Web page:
This has been a lively year for hearing health, packed with new developments, fascinating research, and inspiring stories of individuals overcoming hearing loss to accomplish great things.
In case you missed it, here’s a recap of the year’s 15 biggest stories.
This post by New Republic was one of many articles published in 2016 highlighting the prominence of hearing loss among veterans. Hearing loss now represents the leading disability for veterans (leading even PTSD).
In fact, the Department of Veteran Affairs states that 60 percent of those returning from Iraq and Afghanistan (around 600,000) have irreversible hearing loss or tinnitus.
Now that awareness has been raised, the military is working on creating helmets that minimize loud blasts while amplifying ambient sound.
We’re grateful to see several stories each year about people overcoming hearing loss to accomplish incredible things. However every now and then one comes along that reminds us of what is possible with the right mindset and determination.
Caroline Aufgebauer, a high school senior, worked around her hearing loss to learn not one, not two, but three different languages. She speaks English, Spanish, and Latin (earning special recognition for her performance on the national Spanish exam) and has a basic knowledge of German.
That, by the way, makes her trilingual in spite of a condition that makes speech comprehension very difficult.
Shari Eberts is a hearing health advocate that has done great things for the hearing loss community by growing awareness of the everyday issues facing those with hearing loss.
In one of her popular posts on her website Living With Hearing Loss, Eberts explains five things she wishes everyone knew about hearing loss.
This is one of many articles warning about the dangers of earbud use and the expanding number of teens with hearing loss.
It’s estimated that 30 percent of teens have hearing problems as a consequence of unsafe listening practices, but that most teens are not hearing the message.
This story is a great reminder for musicians and concert-attendees to protect their hearing during live shows.
AC/DC had to delay its tour in the United States due to frontman Brian Johnson’s hearing condition. Doctors instructed Johnson to stop touring right away or risk complete hearing loss.
In response to the growing problem of developing hearing loss and tinnitus at concerts, Pearl Jam provided earplugs to fans at its concerts in an action that we hope catches on with other bands.
A number of musicians currently are suffering from hearing loss and tinnitus as a consequence of a lack of hearing protection at shows, including Pete Townshend, Eric Clapton, Ozzy Osbourne, Grimes, and Chris Martin.
We see quite a few of these videos each year, videos of a child hearing for the first time with the use of hearing aids or cochlear implants.
However this particular video was the most watched of 2016. See for yourself and try not to smile while you’re watching.
One of the best ways to raise awareness of hearing loss and eliminate the stigma of hearing aids is to have a famous public figure speak on the subject.
In this post, FUBU founder, Shark Tank star, investor, and best-selling author John Daymond discusses how he overcame hearing loss and how high-tech hearing aids have changed his life.
Starbucks has launched a brand new store committed to employing deaf and hard-of-hearing individuals, as an essential part of the company’s mission to increase opportunities for marginalized groups.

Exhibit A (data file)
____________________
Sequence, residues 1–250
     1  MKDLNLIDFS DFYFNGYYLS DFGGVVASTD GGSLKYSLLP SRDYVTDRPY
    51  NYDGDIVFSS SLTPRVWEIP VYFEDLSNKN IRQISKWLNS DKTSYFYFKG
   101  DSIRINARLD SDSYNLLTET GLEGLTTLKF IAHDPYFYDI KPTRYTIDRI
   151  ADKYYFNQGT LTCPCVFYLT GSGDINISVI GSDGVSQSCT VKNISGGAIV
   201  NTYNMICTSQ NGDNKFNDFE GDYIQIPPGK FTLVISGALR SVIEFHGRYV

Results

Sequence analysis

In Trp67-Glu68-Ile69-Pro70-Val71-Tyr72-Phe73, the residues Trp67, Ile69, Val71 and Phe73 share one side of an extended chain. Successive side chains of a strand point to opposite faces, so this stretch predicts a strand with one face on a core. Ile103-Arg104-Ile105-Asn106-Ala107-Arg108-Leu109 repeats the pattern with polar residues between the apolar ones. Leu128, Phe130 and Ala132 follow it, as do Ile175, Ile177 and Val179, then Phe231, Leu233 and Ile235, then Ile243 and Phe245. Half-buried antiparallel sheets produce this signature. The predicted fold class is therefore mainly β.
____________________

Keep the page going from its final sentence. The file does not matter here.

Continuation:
10 of the store’s 13 staff members are deaf or hard-of-hearing. Staff members communicate mainly with sign-language, and customers without hearing loss can record their orders on cards.
This is a cool article reminding us of how aggressively technology advances.
Dr. Kourosh Parham, a UConn physician-scientist, has developed the first blood test that can recognize the inner ear proteins linked with inner ear conditions like hearing loss and vertigo.
Perhaps the early catching of hearing loss will before long be a routine part of the annual physical exam.
This inspiring story is about how photographer Kate Disher-Quill finally came to accept her hearing loss and embrace and love her hearing aids.
Kate’s project, Right Hear, Right Now, is designed to empower people to accept and embrace their differences. It’s something she wishes she had access to when she was younger, something that could have inspired her to accept her own hearing loss sooner than she did.
12. When silencing phantom noises is a matter of science
The search for the cure for tinnitus continued in 2016, with multiple promising breakthroughs.
Tinnitus is tough to diagnose and treat, and the best treatments available today either mask the sound or instruct the patient on how to deal with the sound.
However now scientists at the Karolinska Institutet in Sweden have uncovered the first gene that may be able to prevent tinnitus.
As we learn more and more how the brain processes and interprets sound and speech, we can begin developing more effective hearing aids and better training programs to help those with hearing loss to boost speech recognition.
Stay tuned in 2017 for additional developments in the fundamental area of speech comprehension.
Hidden hearing loss can be present even in young adults who can pass a basic hearing test.
Research is ongoing that can enhance the accuracy of hearing testing and expose hearing damage in young people, with ramifications including more effective hearing protection, better workplace noise guidelines, and targeted medical treatments.
And last, here are eight good reasons to get a hearing test, published by Better Hearing Institute. There’s no better way to begin the new year than by taking control of your hearing health and enjoying all of the advantages of better hearing.
What did we leave out? What were your favorite stories of 2016?